Flat Iron Beak Street

Bronze Award

SquareMeal Review of Flat Iron Beak Street

Bronze Award

As the price of steak and chips in London nudges inexorably closer to three figures, it’s reassuring to find a credible joint that cheerfully does the business for a tenner. This one-time Shoreditch pop-up turned Soho hit has quite literally made its name with the ‘flat iron’ steak (a ‘secondary’ cut taken from the featherblade). The menu may be minimal, but that doesn’t make choosing any easier: horseradish or béarnaise sauce; creamed spinach or blue cheese salad; craft beer or spicy house red? The special burger is also a must if it’s advertised. Otherwise, the eponymous steaks are tender, flavoursome and seasoned with a wallop, though it seems churlish to quibble at these prices. Cramped communal seating and no reservations are a drag, but the downstairs cocktail bar more than makes amends.

Good to know

Average Price
££££ - £30 - £49
Cool, Fun, Lively
Food Occasions
Late night dining
Food Hygiene Rating

Flat Iron Beak Street is featured in

Location for Flat Iron Beak Street

17 Beak Street, London, W1F 9RW

Opening Times

Mon-Sun 12N-11pm (Sun -10.30pm)

Reviews of Flat Iron Beak Street

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3 Reviews 

Trishelle T

28 June 2019  
Although there is always a wait, the food, ambience and service is worth the wait.

Max B

Beyond the hype
05 July 2013  
Yes, there is in inflation of steak and burger joints in central London. Yes there is an inflation of “no reservation” restaurants, but every now and again something truly original stands out. Following last year's pop-up experience, Flat Iron has now got a permanent home in Soho. There is only one thing on the menu and that is a perfectly cooked, perfectly sliced, juicy steak. Who cares what cut of the beast it comes from. The sides are fantastic. The baked aubergine is a personal favorite. We understand that there is a daily special and yesterday it was the Flat Iron burger. I know that there has been a bit of competition among the purveyors of posh/gourmet burgers in town lately. I have sampled some myself but I am happy to report that the Flat Iron burger wins the competition hands down. No monumental toppings, no preposterous mince mixes, no fancy sauces distracting from the experience. This is about the meat, its pure flavor, a dash of bernaise and a sprinkle of shallots, encased in the fluffiest sesame bun ever. The wine and beer list is short, well selected and to the point. There is only one dessert on the menu and is a real surprise: a salt caramel mouse freshly squirted in a small glass. Heaven. The prices are very good value, the decor just the right side of trendy without trying too hard and the service friendly and attentive. I love this place. Just two things though: for goodness' sake, get an espresso machine and do not become a chain.
Food & Drink

Richard E

31 August 2012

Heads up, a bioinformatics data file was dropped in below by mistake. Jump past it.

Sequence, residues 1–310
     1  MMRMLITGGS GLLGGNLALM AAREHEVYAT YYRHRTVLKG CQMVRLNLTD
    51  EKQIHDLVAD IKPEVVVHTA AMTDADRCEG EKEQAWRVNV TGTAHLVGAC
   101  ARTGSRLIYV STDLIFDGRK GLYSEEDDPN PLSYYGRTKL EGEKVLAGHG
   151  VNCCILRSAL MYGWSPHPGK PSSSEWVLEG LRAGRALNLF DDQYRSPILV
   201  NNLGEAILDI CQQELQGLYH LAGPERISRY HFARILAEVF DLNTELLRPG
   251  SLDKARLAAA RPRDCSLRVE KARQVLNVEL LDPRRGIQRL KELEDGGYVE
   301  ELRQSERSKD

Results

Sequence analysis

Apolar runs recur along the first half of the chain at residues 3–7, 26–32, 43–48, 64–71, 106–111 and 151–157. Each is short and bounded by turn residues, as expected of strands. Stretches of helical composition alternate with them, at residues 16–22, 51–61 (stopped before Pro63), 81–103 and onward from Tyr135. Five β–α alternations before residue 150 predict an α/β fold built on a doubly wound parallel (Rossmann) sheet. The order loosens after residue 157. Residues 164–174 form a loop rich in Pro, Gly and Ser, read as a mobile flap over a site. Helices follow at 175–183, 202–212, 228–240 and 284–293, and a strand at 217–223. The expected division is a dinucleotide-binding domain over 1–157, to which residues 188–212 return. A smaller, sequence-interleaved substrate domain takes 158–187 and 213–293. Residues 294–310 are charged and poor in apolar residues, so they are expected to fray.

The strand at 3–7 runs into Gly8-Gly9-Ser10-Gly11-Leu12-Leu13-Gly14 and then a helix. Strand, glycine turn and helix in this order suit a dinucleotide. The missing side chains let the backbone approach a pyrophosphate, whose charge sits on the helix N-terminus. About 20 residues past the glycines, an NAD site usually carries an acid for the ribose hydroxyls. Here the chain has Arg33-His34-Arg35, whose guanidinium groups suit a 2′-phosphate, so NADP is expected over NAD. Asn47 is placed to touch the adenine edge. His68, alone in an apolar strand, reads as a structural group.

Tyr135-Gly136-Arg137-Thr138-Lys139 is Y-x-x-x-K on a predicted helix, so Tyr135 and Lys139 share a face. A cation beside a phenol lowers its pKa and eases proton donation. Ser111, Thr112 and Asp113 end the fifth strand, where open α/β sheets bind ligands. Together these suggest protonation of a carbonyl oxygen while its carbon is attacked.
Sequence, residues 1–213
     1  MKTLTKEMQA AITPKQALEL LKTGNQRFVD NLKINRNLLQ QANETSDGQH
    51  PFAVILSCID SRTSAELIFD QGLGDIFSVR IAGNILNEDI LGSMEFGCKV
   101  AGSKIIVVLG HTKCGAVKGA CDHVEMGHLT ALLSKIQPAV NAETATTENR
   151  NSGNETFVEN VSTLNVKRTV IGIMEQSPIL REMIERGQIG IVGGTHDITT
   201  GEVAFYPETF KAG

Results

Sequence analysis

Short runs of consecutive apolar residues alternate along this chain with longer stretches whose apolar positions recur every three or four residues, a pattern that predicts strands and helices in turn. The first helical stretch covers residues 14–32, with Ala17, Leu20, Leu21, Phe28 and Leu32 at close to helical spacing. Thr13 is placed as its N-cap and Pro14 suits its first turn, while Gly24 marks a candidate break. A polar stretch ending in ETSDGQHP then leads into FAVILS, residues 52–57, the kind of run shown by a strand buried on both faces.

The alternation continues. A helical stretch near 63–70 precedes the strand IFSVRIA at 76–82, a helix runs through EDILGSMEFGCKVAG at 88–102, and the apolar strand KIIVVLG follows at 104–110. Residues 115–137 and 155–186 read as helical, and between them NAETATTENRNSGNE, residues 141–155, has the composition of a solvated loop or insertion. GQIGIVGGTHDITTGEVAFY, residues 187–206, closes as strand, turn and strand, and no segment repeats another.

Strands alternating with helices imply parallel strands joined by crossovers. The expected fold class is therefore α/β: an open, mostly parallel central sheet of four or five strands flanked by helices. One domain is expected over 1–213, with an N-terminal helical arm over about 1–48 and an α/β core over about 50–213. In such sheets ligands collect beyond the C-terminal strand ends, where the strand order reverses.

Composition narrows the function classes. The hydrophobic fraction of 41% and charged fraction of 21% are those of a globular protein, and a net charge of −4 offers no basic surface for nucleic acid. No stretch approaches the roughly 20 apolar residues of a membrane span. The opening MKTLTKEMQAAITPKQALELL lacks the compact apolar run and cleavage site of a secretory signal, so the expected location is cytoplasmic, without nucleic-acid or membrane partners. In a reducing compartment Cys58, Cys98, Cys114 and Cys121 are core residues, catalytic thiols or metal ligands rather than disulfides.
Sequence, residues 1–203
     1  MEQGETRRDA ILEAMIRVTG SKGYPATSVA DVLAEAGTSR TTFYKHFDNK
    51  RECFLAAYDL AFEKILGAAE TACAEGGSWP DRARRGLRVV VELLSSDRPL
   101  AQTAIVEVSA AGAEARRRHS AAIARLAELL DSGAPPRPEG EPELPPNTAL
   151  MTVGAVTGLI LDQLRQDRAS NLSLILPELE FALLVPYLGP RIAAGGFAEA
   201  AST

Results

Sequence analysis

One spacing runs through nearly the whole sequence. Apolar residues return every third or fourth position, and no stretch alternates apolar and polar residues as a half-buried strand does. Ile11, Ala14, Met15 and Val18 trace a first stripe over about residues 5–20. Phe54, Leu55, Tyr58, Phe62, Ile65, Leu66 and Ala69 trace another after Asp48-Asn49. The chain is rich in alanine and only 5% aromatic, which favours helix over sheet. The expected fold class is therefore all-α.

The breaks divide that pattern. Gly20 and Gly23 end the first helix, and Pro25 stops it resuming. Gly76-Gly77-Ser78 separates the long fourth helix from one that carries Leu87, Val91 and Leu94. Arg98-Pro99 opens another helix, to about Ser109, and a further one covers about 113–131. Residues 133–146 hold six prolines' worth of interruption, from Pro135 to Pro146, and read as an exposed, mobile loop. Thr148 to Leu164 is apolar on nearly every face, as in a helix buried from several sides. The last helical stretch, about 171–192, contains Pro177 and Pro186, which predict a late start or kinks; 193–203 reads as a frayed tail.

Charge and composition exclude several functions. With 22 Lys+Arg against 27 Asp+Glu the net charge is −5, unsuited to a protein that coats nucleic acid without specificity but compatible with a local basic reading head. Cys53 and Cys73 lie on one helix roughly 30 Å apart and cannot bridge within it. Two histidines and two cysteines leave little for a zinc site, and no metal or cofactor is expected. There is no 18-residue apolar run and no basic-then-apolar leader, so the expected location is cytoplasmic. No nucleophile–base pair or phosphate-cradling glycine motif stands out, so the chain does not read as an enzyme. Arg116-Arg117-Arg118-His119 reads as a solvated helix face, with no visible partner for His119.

Our tactical error here was to arrive late, but not late enough: at 8.00, the queue was down the stairs and out the door of the pub over which the restaurant sits. By the time we sat down nearly two hours later, there were spare seats at the tables. To compound our error, we spent the time in the queue drinking (it is above a pub, and there is sod all else to do), so were pretty smashed, and in need of food, by the time we reached the top of the stairs. The place is not going to be around long enough for us to make this error again as, this being Shoreditch, it is a pop-up. This is trendy. There are beards. There are tattoos. There are trousers with gussets warn down by the ankles. I should have taken my 17 year old niece; I went with my 40+ year old mate who, still clinging to the last vestiges of youth, has bought a pretty amazing triplex (he’s American) in the area, with vast sweeping terraces, that reminds him of New York. I’m not sure that the right comparison isn’t Soho rather than SoHo, but the area does have an up and coming feel about it. Which means it is over: the hipsters, the artists, the vegans; they’ll all move on now to somewhere that really is edgy, and the forty-somethings with money, Apple Macs and an edgy side will move in. Having finally mounted the stairs, we entered the waiting area. A bar. More drinks – cocktails now. Nice cocktails, and, at £6 a pop, way beyond reasonable. So we could hardly stand by the time we were seated. Yes, yes; I know that this is our fault, but don’t make such bloody good cocktails and make us stand around for ages, with nothing to nibble on but some popcorn. Nice popcorn I should add. Having finally got seated, we ordered straight away. Not difficult, as there is only one thing on the menu: steak. The unfancied skirt to be precise (the rumour that wagyu was going to be on the menu for the last few nights proved to be just that: a rumour). This comes with a salad, for a mere ten notes. As if that’s not good enough, dripping fried chips are thin and crunchy, and the roast aubergine as good a dish as you can find for the purple fruit outside of the Middle East. OK, so they forgot to give us knives, but what the heck: the juicy meat, cooked perfectly to your specification, comes on a wooden board pre-chopped, so not at all a concern. There are wines listed on the menu, but by this stage it was cocktails or nothing. So cocktails it was: make your own Bloody Marys. These come as the raw ingredients, to be assembled by you to your liking. And what ingredients: fresh tomato juice, smoked vodka, beef stock, freshly grated horseradish (one member of staff seemed solely to be grating the stuff, on a big grater sat proudly in the middle of the (by now, almost empty) dining room), rosemary salt, lemon, as well as the more usual Worcestershire and Tabasco sauces. Service is really friendly, and, once seated, swift and efficient (knives aside). There is no doubt that the skirt steak is unfancied for a reason: let’s be honest, it isn’t the best of cuts. But it is still a nice enough one, one cooked nicely enough here; were this to be a more permanent pop-up, I’d go back. But at 6.00 or 10.00, not at 8.00.